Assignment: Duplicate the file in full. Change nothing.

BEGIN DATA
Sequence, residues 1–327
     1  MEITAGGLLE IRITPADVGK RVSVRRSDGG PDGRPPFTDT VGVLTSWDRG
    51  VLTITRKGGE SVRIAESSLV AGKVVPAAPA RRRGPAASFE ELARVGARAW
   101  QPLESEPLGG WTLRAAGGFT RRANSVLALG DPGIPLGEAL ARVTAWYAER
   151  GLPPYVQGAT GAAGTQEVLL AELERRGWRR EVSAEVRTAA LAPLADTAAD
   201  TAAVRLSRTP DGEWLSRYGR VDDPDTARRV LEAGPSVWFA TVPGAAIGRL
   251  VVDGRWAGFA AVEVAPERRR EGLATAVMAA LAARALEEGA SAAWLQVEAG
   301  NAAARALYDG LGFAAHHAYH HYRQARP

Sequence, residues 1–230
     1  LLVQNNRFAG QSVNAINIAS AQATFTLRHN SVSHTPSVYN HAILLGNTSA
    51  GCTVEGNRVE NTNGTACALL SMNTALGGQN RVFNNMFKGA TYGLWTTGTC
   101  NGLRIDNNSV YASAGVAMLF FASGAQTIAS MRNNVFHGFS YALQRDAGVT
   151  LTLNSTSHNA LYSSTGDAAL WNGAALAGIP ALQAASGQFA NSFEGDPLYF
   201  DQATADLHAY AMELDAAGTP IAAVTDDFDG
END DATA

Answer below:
Sequence, residues 1–327
     1  MEITAGGLLE IRITPADVGK RVSVRRSDGG PDGRPPFTDT VGVLTSWDRG
    51  VLTITRKGGE SVRIAESSLV AGKVVPAAPA RRRGPAASFE ELARVGARAW
   101  QPLESEPLGG WTLRAAGGFT RRANSVLALG DPGIPLGEAL ARVTAWYAER
   151  GLPPYVQGAT GAAGTQEVLL AELERRGWRR EVSAEVRTAA LAPLADTAAD
   201  TAAVRLSRTP DGEWLSRYGR VDDPDTARRV LEAGPSVWFA TVPGAAIGRL
   251  VVDGRWAGFA AVEVAPERRR EGLATAVMAA LAARALEEGA SAAWLQVEAG
   301  NAAARALYDG LGFAAHHAYH HYRQARP

Sequence, residues 1–230
     1  LLVQNNRFAG QSVNAINIAS AQATFTLRHN SVSHTPSVYN HAILLGNTSA
    51  GCTVEGNRVE NTNGTACALL SMNTALGGQN RVFNNMFKGA TYGLWTTGTC
   101  NGLRIDNNSV YASAGVAMLF FASGAQTIAS MRNNVFHGFS YALQRDAGVT
   151  LTLNSTSHNA LYSSTGDAAL WNGAALAGIP ALQAASGQFA NSFEGDPLYF
   201  DQATADLHAY AMELDAAGTP IAAVTDDFDG